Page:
While it’s possible to buy mushroom spores, these spores are actually so tiny that they’re microscopic. This means that they can be quite difficult to handle, at least until you get used to things. You can also harvest spores from mature mushrooms, simply by cutting the cap off and placing it on a large sheet of paper or on a sheet of glass. However, I would advise against using spores, not only because they are inconvenient to handle (a single breath of wind will scatter them all over the house or yard), but also because they’re vulnerable to contamination, and if they contaminated with spores from wild, poisonous mushrooms, the consequences could be disastrous.
Preventing contamination is also the reason why it is recommended that you always go in for mushroom growing indoors. Indoor growing greatly reduces the chances that a few wild spores might come to rest in your mushroom beds, and grow up among your safe mushrooms. If the mushrooms that grow from the wild spores turn out to be poisonous, it could cause serious problems for anyone who eats them. And that’s just one reason why you shouldn’t grow mushrooms outdoors.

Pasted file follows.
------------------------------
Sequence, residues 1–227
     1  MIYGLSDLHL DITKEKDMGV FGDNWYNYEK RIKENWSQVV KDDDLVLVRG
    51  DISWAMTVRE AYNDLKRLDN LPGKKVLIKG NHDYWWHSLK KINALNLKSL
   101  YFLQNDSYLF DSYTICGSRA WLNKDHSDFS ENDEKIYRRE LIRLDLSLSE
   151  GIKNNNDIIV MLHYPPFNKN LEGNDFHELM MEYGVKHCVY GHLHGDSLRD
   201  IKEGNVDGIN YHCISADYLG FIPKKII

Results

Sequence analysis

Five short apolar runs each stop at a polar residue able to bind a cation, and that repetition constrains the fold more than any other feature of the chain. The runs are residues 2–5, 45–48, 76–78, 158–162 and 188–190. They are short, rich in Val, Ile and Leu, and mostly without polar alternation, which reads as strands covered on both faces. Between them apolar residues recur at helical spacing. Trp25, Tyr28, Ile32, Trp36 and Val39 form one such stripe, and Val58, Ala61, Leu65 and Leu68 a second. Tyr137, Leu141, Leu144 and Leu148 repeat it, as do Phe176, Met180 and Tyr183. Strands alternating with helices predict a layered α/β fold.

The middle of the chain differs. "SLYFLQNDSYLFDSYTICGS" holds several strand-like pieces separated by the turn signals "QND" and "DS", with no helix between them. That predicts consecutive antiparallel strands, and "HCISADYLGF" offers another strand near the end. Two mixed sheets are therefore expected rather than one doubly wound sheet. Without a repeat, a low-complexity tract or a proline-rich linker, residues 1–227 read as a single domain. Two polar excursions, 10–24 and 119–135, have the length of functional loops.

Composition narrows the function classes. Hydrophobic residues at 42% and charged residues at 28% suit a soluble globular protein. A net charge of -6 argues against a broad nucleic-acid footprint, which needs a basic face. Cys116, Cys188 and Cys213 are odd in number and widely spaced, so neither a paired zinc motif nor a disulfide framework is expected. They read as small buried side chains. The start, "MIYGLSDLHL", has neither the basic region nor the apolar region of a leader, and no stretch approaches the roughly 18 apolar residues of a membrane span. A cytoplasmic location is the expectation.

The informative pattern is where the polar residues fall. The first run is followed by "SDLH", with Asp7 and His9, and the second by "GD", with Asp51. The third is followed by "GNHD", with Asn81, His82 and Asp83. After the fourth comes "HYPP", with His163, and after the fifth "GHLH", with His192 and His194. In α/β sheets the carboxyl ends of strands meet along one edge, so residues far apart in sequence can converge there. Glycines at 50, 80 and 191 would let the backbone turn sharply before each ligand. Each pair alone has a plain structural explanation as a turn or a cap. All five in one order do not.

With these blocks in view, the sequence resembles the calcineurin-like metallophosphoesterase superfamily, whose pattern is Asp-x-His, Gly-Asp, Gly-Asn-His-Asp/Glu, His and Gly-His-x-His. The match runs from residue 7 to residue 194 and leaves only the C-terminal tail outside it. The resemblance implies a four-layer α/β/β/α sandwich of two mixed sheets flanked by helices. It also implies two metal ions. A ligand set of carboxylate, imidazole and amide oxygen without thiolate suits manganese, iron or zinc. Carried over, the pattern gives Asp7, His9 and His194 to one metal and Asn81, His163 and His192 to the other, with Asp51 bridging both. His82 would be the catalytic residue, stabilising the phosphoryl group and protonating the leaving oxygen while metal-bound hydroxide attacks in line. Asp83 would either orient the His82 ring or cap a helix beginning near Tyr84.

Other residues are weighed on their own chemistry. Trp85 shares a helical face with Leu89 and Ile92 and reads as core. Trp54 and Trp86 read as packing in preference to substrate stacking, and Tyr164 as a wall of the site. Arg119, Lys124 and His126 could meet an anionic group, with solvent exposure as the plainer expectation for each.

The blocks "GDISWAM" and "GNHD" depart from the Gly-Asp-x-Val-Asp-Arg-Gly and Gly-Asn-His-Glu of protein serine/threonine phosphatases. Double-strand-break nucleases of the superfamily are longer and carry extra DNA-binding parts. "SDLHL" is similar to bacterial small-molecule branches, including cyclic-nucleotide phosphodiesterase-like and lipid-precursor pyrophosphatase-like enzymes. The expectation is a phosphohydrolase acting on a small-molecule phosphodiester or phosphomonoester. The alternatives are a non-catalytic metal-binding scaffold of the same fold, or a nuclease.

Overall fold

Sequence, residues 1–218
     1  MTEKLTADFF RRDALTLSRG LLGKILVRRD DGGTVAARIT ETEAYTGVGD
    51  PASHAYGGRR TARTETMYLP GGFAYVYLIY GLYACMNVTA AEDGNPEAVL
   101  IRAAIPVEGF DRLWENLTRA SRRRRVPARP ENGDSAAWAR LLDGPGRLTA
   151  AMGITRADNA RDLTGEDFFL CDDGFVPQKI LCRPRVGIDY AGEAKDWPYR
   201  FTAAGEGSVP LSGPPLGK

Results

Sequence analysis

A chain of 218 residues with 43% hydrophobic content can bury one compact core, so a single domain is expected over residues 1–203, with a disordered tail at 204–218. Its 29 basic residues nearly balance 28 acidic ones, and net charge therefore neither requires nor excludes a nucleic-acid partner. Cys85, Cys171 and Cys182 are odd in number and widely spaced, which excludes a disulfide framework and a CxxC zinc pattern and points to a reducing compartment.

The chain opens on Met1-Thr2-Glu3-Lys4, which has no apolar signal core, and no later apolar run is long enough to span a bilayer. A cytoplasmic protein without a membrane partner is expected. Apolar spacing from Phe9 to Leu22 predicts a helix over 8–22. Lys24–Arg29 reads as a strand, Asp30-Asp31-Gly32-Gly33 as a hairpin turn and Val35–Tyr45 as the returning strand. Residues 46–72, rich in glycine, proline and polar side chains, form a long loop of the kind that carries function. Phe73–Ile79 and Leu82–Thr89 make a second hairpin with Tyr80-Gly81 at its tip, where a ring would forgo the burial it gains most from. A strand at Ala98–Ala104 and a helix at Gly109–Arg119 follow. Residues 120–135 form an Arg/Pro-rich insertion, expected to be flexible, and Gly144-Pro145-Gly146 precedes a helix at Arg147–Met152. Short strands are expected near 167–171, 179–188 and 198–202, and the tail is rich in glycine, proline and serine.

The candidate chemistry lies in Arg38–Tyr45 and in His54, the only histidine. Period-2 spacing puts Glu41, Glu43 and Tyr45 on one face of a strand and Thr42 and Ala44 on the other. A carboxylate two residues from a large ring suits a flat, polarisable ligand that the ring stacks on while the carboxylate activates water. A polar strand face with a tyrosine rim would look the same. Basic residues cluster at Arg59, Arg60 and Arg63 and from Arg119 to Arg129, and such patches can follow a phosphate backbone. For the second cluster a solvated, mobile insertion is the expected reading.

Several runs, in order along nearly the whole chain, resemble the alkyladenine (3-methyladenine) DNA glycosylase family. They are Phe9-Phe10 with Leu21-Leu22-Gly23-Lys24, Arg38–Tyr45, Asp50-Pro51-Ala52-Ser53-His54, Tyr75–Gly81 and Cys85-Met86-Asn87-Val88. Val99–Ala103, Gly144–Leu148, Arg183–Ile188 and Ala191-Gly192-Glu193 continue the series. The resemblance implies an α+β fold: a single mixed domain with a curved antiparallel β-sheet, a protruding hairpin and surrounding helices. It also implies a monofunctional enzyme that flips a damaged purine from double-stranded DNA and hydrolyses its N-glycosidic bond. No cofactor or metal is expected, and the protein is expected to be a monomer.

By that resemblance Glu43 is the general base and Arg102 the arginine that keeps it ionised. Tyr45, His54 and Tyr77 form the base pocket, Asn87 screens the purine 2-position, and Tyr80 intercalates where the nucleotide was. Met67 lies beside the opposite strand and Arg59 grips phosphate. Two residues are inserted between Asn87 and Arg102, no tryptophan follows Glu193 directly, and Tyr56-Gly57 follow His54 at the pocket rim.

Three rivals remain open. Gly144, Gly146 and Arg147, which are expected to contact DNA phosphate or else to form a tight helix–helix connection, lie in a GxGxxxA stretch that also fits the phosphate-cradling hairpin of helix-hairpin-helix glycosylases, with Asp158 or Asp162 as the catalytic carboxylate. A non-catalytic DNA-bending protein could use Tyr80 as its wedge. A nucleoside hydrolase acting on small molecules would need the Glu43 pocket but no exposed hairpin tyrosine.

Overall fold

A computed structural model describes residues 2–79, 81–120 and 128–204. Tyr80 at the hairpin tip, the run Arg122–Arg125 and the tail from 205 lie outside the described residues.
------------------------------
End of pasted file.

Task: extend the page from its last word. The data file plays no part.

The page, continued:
Another reason is that the growth medium is so rich that a lot of germs and unhealthy algae and fungi can start to grow in it if it’s left in an open environment. In a closed environment, things are more controlled, and this means that your mushrooms can be relied upon to not only not be poisonous, but also not to carry any disease producing pathogens. Of course, you will wash the mushrooms before cooking them, but considering the growth medium that mushrooms grow in, it’s better to be safe than sorry. These are just a few tips that you can use to help you with your mushroom growing.